I had the idea for this post a while ago, had it written up but sat on it too long until I forgot about it. After rediscovering the initial draft, it felt quite preachy and my feelings about the topic had changed somewhat.
So after some revision, I re-wrote the piece as a rant and here it is.
The following is based on my past experience in the role of a code reviewer as part of a digital product / web development team. I've been trying to identify why I enjoy reviewing certain people's work over others, and I've summed up that I like code reviews where the author respects my time and energy and helps me spend less of both.
The more time and energy I'm spending trying to figure out what I'm looking at, the less time I can spend on the actual review. Worst if I'm reviewing a part of the code which should be ignored! Specifying or linking to ticket info, writing a short description, state breaking changes, list key functionality implemented and not implemented, state if PR is work-in-progress - these are things I encourage all devs to do. Do not however try to pass off commit messages as PR descriptions.
In my experience, PRs are usually 90% cruft and 10% questionable approach or implementation. So rather than having to read from top to bottom, point me straight to that key part which makes or breaks your code. This helps focus my energy to review the work that matters. Examples could be breaking down key issues/challenges in the work implemented, noting any failed attempts and/or workarounds, anticipate questions and provider answers preemptively, link to source code line in files, provide diagrams, provide examples of usage.
Unless you tell me, I going to make assumptions and call out issues which I might not know is coming up. The back and forth can be a huge time-sink if without this context, the PR looks broken. Spend a few minutes explaining related functionality which this work enables, state things which were missed, if this is a part of a series of PRs, state where this PR fits in and what is to follow.
Your implementation will probably follow one or more existing and well understood software development patterns. I just need to know which ones and why you've chosen them so I can use my past knowledge and experience to validate. Uncommon approaches, unless novel, are usually a recipe for disaster and involves having to run the code/tests locally to verify. In this case, I'd advise to provide a demo link, attach a video demo, attach screenshots and list bullet points against acceptance criteria.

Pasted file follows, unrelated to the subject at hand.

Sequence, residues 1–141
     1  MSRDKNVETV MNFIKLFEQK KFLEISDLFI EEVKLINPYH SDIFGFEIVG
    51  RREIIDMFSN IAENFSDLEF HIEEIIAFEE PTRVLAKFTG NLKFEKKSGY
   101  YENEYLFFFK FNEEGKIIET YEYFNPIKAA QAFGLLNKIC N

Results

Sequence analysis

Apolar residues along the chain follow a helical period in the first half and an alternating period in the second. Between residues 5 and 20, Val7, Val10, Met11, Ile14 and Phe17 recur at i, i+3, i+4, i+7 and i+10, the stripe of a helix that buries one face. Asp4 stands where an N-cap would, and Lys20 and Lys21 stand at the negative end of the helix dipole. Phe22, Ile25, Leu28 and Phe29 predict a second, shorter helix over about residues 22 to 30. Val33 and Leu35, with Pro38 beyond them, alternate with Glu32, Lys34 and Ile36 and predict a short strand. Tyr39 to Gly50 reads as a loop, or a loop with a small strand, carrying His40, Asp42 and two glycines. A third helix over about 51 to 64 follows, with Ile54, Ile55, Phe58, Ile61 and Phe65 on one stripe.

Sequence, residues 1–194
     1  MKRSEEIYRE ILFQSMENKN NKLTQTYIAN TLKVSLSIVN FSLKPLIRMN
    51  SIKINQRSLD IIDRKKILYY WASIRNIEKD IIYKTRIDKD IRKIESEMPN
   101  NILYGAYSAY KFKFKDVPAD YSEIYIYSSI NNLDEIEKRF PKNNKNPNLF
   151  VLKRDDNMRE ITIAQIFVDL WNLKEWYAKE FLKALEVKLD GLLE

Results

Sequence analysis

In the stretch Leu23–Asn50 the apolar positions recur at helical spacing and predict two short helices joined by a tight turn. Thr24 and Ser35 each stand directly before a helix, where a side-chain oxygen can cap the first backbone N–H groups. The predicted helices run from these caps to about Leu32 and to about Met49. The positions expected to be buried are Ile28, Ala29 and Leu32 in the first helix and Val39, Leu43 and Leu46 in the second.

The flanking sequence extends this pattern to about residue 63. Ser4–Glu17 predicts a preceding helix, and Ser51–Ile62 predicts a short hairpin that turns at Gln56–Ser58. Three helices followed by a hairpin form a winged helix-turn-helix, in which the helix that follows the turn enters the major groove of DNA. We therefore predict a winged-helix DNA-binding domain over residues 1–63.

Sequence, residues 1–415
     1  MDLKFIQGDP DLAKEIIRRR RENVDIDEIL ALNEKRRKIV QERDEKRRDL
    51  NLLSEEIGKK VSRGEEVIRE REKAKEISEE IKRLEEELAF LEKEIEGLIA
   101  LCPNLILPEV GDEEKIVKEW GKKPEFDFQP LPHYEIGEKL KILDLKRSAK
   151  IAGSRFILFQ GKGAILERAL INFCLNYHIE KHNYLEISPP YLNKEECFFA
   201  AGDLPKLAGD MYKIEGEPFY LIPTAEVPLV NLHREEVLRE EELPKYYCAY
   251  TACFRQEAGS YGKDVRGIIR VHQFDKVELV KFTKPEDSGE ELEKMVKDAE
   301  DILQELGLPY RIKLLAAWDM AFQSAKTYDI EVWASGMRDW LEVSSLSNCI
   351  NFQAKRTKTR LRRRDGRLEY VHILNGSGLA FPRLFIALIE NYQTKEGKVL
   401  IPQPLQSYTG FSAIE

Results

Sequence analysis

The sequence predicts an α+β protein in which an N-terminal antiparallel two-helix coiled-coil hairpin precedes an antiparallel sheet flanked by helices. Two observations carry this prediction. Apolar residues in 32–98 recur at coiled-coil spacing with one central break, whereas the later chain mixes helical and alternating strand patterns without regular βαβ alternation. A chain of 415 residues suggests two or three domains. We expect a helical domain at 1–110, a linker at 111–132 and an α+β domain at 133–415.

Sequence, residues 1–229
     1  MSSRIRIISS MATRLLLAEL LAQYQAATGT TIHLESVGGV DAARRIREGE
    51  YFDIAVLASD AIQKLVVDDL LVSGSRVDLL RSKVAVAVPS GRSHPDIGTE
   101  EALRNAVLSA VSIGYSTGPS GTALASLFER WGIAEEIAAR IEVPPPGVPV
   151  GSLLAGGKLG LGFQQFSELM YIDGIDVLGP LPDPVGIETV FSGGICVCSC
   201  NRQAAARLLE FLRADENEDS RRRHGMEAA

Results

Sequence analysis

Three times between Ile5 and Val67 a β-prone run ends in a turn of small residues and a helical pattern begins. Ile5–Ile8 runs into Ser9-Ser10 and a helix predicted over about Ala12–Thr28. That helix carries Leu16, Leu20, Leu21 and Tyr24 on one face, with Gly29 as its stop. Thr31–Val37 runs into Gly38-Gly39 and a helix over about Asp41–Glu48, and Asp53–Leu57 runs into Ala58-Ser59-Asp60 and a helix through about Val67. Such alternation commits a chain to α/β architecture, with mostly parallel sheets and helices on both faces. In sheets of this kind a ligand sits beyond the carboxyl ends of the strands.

If your PR is complex then assume that further explanation is likely required. If I don't understand the code, there's going to be back and forth on the PR until I do. Save us both some time beforehand by using PR comments, linking to reference material, creating an ADR or similar docs, provide video demo or offer to have quick meetings to explain.
After the initial review, it's likely I will lose all context as I work on other stuff. If you are acting on suggestions/requests for changes and updated your PR, you can help me out by amending the description, updating reference material, avoid replying “done” to review comments and instead explain the changes implemented.
The last place you'll find me is hanging out on the PRs queue waiting for my name to come up so if you need my time, you have to let me know. Don't be shy about it though, please ask even if you think I'm busy! Avoid situations where you PR is being ignored and drifting further out of sync. Don't rely on automatic notifications in a chat channel as these will become noise after a while, post a message directly to the team, escalate if your PRs are sitting idle for more than 1 day.
Always assume you'll need to set some time aside to answer any questions or response to comments on your PR. Some questions may block a full review until addressed and there's a risk you'll lose my engagement if it takes forever to get a reply. It should be a high priority to get your work merged and deployed so keep an eye on your inbox for any notifications.
The longer you take to get back to the PR, the longer I will need to rebuild context since the last review. Given enough time, I may forget what was decided or agreed upon and end up repeating myself which isn't the best use of both of our time. Factor in and allocate time for amendments, state clearly an estimate when likely re-review can take place. Alternative, break up PR into smaller approved chunks which can be merged first may help.